The La Farge Restoration Fund sponsored several studies of the church building and the La Farge interior art prior to restoration. In addition, in the early 2000’s, the Fund partnered with Preserve Rhode Island to host a first Rhode Island church restoration training by Partners for Sacred Places, an experienced nonprofit from Philadelphia. The key strategic actions which have resulted included the application for National Historic Landmark status, the transfer of the properties from the congregation to a stewardship nonprofit—the La Farge Restoration Fund—and bricks and mortar projects which help to secure the building’s envelope for the eventual restoration of the La Farge windows and interior painted surfaces.
1) A Phillips study (1986) of the painted surfaces by the Society for the Preservation of New England Antiquities, now called Historic New England.
2) An in-depth evaluation of the placement and condition of the John La Farge windows (1998), by JLSloan Consultants in Stained Glass.
3) A Basic Conditions Report (2010), which found the main church building to be structurally sound, by Northeast Collaborative Architects; including an engineering evaluation of the exterior brownstone, structural integrity and building systems by Structures North.
4) A study of painted surfaces (2013-14), including new reveals in the sanctuary; Canning Studios.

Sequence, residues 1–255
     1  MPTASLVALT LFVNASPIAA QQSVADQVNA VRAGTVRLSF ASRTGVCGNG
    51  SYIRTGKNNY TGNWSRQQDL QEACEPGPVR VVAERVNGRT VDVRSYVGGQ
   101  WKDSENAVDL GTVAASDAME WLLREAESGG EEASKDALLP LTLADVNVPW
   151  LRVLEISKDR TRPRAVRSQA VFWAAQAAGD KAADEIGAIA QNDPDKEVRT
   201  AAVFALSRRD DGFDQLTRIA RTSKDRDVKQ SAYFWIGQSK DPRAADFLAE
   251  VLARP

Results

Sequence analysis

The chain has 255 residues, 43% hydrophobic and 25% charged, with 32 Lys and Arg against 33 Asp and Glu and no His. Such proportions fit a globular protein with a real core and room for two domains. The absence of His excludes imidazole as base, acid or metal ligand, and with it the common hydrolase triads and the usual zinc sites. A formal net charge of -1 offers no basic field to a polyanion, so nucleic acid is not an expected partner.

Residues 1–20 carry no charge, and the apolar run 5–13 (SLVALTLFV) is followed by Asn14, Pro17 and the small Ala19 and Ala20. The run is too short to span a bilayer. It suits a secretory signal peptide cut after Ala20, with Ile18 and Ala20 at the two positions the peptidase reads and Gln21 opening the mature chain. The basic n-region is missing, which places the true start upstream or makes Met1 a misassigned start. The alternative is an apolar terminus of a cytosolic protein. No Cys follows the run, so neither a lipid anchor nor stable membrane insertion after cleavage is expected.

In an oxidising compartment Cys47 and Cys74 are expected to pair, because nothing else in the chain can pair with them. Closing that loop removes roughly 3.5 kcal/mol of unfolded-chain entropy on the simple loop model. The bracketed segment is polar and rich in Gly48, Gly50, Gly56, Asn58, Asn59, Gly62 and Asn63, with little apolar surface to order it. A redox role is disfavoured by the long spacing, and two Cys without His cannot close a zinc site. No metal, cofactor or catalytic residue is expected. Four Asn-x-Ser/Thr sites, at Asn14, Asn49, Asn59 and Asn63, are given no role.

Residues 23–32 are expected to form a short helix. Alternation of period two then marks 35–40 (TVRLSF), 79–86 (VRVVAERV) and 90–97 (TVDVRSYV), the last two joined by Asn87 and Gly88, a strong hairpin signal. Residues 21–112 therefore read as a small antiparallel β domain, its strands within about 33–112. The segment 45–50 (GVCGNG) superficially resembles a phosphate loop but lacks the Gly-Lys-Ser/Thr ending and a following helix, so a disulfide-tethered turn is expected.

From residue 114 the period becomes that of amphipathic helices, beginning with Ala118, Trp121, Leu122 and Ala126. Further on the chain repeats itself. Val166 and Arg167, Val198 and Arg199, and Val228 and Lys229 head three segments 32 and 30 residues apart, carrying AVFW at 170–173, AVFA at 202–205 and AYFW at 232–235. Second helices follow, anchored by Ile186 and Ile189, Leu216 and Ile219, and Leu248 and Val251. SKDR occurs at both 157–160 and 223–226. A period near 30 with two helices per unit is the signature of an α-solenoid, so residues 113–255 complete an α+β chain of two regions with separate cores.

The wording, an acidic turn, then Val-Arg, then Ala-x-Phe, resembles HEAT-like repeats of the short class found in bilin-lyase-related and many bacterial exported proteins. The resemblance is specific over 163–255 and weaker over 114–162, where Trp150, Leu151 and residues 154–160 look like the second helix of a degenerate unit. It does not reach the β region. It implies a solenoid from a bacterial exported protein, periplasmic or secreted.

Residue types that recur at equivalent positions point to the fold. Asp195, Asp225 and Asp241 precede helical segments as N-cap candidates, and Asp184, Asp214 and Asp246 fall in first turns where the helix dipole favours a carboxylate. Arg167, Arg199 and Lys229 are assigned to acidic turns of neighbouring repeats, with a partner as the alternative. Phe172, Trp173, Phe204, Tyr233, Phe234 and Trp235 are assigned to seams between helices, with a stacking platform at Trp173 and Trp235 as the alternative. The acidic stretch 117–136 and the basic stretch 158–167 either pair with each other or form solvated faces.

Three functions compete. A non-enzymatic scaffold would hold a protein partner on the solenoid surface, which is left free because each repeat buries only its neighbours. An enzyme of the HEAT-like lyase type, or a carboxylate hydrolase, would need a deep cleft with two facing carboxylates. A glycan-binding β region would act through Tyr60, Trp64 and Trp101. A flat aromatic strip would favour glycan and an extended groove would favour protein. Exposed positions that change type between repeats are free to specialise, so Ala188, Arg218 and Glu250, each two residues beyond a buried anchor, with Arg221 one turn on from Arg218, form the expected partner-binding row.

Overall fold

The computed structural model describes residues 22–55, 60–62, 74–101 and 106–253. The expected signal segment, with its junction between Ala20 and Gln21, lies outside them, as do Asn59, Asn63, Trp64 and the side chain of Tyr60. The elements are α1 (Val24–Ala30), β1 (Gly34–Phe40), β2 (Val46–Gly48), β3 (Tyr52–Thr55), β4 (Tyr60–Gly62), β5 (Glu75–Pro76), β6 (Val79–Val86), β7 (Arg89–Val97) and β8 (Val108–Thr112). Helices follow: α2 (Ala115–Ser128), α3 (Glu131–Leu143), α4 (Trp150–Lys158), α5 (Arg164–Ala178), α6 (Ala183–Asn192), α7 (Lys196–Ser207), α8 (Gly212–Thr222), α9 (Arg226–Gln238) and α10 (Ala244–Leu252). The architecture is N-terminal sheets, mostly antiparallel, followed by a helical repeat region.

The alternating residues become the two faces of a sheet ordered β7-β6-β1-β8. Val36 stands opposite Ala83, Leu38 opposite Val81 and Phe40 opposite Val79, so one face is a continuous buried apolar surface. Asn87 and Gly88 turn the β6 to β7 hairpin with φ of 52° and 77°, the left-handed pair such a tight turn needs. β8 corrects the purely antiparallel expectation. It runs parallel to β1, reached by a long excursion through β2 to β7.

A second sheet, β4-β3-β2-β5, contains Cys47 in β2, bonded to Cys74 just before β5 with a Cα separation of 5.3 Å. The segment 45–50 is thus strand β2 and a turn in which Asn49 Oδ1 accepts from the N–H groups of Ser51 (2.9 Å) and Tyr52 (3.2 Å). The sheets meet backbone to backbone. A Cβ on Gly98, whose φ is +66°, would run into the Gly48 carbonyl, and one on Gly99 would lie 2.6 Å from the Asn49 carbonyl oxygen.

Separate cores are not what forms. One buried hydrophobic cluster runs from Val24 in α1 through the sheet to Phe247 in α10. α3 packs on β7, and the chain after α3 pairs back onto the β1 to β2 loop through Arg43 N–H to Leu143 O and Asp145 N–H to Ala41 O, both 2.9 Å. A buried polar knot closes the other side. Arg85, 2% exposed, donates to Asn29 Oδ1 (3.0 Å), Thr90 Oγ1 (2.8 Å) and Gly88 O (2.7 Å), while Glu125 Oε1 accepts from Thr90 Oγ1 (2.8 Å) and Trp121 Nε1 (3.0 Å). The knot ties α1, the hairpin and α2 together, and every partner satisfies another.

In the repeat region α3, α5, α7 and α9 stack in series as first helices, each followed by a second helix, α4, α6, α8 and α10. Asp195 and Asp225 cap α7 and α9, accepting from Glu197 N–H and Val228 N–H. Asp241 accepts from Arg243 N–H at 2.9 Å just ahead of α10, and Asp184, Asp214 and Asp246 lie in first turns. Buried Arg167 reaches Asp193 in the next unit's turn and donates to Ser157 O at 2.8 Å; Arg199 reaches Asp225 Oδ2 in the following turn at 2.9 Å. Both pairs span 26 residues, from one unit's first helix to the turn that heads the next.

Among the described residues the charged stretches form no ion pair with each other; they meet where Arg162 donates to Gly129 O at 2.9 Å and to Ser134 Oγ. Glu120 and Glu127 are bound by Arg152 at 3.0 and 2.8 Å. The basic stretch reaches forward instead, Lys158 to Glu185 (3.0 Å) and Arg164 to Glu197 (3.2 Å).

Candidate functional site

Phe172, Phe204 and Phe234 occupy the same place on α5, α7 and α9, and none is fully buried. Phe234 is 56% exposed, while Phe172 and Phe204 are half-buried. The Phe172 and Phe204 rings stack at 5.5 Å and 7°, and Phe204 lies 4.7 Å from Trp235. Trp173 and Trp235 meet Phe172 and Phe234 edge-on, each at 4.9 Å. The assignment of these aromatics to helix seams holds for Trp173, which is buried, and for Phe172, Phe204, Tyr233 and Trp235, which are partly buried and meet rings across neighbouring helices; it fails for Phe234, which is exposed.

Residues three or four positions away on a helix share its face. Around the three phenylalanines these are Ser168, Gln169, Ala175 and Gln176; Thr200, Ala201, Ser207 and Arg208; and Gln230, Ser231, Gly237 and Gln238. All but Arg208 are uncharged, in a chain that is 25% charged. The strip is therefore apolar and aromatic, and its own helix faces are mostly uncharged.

In 2011-2012, the project was designed, then placed before the Newport Historic Review Commission for its review and its approval. The following year, the La Farge Restoration Fund received grants from the Alletta Morris McBean Charitable Trust and the van Beuren Charitable Foundation to complete a restoration of the 150-year old slate roof on the Sanctuary. Interior membrane support structures were rebuilt as part of the project. Joseph Gnazzo Company was the general contractor for the project under the supervision of Architect Mohamad Farzan of NewPort Architecture, LLC.
In 2014, the La Farge Restoration Fund, with Coastal Electric, is replacing and upgrading all fire safety and electrical systems. A second restoration component is underway to replace with period appropriate lighting all the lights in the sanctuary and in the adjoining parish house. A third project component is the repair, replacement and restoration of the original Joseph Wells’ West Windows of the sanctuary which are in a tenuous condition.
As the Fund continues is campaign to ready the structure for the eventual restoration of the John La Farge windows and murals, it has the following project components in its sights over the next two years: a) masonry restoration on the North Tower, b) a new public accessible ramp and entrance to the sanctuary from Pelham Street, and an elevator and other improvements to the parish house which hosts several small business tenants.